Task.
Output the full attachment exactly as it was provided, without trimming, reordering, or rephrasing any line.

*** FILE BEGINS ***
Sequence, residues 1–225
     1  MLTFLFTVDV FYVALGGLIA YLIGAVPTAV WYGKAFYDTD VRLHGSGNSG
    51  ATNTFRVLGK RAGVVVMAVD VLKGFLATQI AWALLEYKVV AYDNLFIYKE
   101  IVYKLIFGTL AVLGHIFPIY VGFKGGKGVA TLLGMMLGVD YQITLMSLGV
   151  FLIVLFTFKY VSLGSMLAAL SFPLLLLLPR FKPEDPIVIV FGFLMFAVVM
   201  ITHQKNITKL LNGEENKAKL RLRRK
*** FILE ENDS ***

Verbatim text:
Sequence, residues 1–225
     1  MLTFLFTVDV FYVALGGLIA YLIGAVPTAV WYGKAFYDTD VRLHGSGNSG
    51  ATNTFRVLGK RAGVVVMAVD VLKGFLATQI AWALLEYKVV AYDNLFIYKE
   101  IVYKLIFGTL AVLGHIFPIY VGFKGGKGVA TLLGMMLGVD YQITLMSLGV
   151  FLIVLFTFKY VSLGSMLAAL SFPLLLLLPR FKPEDPIVIV FGFLMFAVVM
   201  ITHQKNITKL LNGEENKAKL RLRRK